Sometimes, players have resorted to words rather than these on-field gestures. When Ravi Shastri invited MS Dhoni to the presentation podium after India had beaten Australia in the T20 World Cup semi-final at Durban in 2007, the ice-cool Indian captain commenced with, “Before I start I should say I read an article by you in Cricinfo. You’d said Australia were the favourites. Today I think me and the boys, we proved you wrong.”

It is surprising that former cricketers-turned-journalists have been more prone to get into conflict with the players. Ian Chappell had needled Kim Hughes so persistently during the latter’s troubled stint as the Australian captain that the skipper had requested the Board not to allow Chappell to interview him. The Board had refused the plea, perhaps leading to his premature resignation and end of Test career.

On the other side of the world, things had heated up so drastically between Brian Lara and Michael Holding that the great left-hander had refused to give interviews to the legendary Jamaican fast bowler.

And before Ian Botham took over the microphone to get on the nerves of Hussain, he himself had been none too pleased by the journalistic opinions of his former Somerset skipper Peter Roebuck.

However, there are enough examples of cricketers getting agitated — and sometimes violent — with pressmen who had no cricketing pretensions.

Botham had once jostled Henry Blofeld at the airport after being criticised about his captaincy during the Caribbean tour of 1981. In 2010, Botham’s ‘dear friend’ Ian Chappell called Daily Mail correspondent Charlie Sale ‘a master of the fairy tale’. It was after Sale had reported that the former Australian captain and the England all-rounder had gone for each other’s throats in a car park.

During his playing days, Viv Richards was accused by English journalists of manipulating the umpires with a finger flapping appeal, forcing them to declare Rob Bailey out during the Barbados Test of 1990. This led to a lot of bad blood and some heated exchange with the English press contingent, including the reputed Christopher Martin-Jenkins. It took a combined press conference involving both Richards and Martin-Jenkins to calm things down.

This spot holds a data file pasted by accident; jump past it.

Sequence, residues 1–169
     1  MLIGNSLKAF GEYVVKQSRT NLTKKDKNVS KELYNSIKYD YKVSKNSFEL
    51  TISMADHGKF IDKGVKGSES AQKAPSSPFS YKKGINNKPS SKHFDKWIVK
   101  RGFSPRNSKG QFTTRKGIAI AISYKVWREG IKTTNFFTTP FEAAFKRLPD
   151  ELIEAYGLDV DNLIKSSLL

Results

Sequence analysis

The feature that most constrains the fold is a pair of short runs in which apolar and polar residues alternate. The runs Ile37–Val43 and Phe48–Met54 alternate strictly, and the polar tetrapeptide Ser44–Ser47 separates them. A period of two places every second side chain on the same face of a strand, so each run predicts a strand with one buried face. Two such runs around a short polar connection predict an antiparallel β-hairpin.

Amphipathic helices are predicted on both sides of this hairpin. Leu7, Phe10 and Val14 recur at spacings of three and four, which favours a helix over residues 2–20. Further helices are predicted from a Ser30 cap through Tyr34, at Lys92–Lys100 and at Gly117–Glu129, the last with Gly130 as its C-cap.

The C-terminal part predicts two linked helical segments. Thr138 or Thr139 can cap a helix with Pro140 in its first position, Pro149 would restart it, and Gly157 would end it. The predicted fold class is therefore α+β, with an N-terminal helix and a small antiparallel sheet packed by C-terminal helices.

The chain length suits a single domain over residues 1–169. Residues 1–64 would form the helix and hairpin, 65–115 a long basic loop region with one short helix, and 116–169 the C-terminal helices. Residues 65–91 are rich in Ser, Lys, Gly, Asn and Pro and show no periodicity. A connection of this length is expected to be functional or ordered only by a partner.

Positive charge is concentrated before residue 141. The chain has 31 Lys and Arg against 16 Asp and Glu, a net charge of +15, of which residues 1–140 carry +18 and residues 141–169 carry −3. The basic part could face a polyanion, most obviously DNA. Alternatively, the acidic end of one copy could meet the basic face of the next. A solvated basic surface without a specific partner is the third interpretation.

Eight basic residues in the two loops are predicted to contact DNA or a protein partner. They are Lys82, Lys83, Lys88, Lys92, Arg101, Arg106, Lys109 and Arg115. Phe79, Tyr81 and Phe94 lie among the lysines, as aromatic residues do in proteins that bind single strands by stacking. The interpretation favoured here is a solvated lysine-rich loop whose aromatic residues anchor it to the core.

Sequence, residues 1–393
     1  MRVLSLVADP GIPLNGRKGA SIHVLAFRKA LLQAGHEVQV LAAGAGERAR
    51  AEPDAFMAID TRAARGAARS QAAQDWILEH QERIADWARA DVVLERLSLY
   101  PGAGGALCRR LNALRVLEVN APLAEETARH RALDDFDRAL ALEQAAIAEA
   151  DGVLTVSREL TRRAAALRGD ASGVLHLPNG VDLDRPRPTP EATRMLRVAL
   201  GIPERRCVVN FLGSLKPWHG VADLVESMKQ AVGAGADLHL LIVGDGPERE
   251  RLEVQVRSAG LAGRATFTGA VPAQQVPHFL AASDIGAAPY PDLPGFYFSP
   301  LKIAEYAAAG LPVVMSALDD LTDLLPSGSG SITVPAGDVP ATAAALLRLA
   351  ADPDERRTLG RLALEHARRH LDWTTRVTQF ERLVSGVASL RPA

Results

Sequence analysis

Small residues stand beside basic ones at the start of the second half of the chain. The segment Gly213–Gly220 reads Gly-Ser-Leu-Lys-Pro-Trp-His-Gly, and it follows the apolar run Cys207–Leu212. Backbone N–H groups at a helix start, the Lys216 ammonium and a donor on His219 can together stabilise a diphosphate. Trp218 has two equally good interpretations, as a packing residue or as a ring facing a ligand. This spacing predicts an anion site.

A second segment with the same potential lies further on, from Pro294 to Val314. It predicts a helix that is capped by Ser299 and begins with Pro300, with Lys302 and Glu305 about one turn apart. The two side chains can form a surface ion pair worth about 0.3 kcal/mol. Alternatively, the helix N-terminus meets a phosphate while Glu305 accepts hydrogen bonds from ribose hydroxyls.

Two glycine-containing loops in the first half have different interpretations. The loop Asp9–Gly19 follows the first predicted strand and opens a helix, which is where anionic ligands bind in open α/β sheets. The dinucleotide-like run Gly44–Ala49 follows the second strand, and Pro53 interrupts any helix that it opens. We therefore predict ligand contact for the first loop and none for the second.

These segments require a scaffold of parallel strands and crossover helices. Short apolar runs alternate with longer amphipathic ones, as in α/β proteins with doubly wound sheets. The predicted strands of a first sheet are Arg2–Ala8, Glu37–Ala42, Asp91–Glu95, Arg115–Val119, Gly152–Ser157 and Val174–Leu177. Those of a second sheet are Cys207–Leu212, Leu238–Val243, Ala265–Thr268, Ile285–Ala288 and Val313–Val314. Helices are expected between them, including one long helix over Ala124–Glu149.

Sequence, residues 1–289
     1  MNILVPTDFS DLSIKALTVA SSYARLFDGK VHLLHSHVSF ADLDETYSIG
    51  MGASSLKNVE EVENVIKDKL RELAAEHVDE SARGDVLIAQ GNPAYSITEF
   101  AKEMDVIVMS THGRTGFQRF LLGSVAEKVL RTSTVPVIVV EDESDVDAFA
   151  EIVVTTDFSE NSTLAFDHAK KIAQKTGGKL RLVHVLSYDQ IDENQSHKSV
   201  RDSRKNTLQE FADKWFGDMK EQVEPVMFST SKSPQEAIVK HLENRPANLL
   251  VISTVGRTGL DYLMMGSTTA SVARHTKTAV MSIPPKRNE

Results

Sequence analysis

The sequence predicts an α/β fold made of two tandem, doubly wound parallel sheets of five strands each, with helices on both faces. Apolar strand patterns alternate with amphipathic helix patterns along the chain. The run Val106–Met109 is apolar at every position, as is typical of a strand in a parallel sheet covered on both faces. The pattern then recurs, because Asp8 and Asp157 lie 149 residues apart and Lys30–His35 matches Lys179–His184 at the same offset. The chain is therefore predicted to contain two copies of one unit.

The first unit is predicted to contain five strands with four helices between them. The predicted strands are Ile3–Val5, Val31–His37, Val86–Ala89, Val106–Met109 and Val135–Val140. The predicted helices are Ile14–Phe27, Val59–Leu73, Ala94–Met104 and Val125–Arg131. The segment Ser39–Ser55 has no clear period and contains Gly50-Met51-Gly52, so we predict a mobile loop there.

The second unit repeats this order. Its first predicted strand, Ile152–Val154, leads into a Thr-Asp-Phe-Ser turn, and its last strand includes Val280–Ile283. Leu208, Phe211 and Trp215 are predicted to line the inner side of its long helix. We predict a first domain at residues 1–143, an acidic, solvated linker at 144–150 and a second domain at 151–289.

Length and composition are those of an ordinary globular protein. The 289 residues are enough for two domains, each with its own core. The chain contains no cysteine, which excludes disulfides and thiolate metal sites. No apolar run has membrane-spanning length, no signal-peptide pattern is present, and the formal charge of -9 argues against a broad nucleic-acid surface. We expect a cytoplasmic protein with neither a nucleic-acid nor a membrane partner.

Sunil Gavaskar was involved a lifelong feud with two well-known Delhi journalists, the Times of India sports editor S Sriman, and KR Wadhwaney, the veteran Indian Express cricket writer. Wadhwaney’s book Indian Cricket Controversies reads like a disguised manifesto against the great Indian opening batsman. The curious volume — largely without reference or named sources — ‘exposes’ over a hundred uncomfortable secrets of Indian cricket and the Little Master seems to be the mastermind behind roughly half of them. Gavaskar did not really enjoy the best of relations with the journalists of Bengal either.

Former Indian batting maestro Dilip Vengsarkar once tore the draft of an interview to bits before sending it back to the offending sports magazine. It was later published in full, with pictures of the mutilated version that the Bombay batsman mailed to the magazine office.

And of course, history tells us that sometimes there needs to be no provocation on the part of journalists. Just a minor gap in communication may send sparks flying all over the place. During the 1996 World Cup, England captain Mike Atherton could not make head or tail Pakistani journalist Ashgar Ali’s questions through his unfamiliar accent, and ended up exclaiming: “Can someone get this buffoon out of here?”  Ali subsequently tried to take Atherton to court and later published a book titled ‘Buffoon: Me or You?’ Unfortunately, the journalist was later turned down by his fiancée as she did not want to be known as the wife of a buffoon!

(Arunabha Sengupta is a cricket historian and Chief Cricket Writer at CricketCountry. He writes about the history and the romance of the game, punctuated often by opinions about modern day cricket, while his post-graduate degree in statistics peeps through in occasional analytical pieces. The author of three novels, he can be followed on Twitter at http://twitter.com/senantix)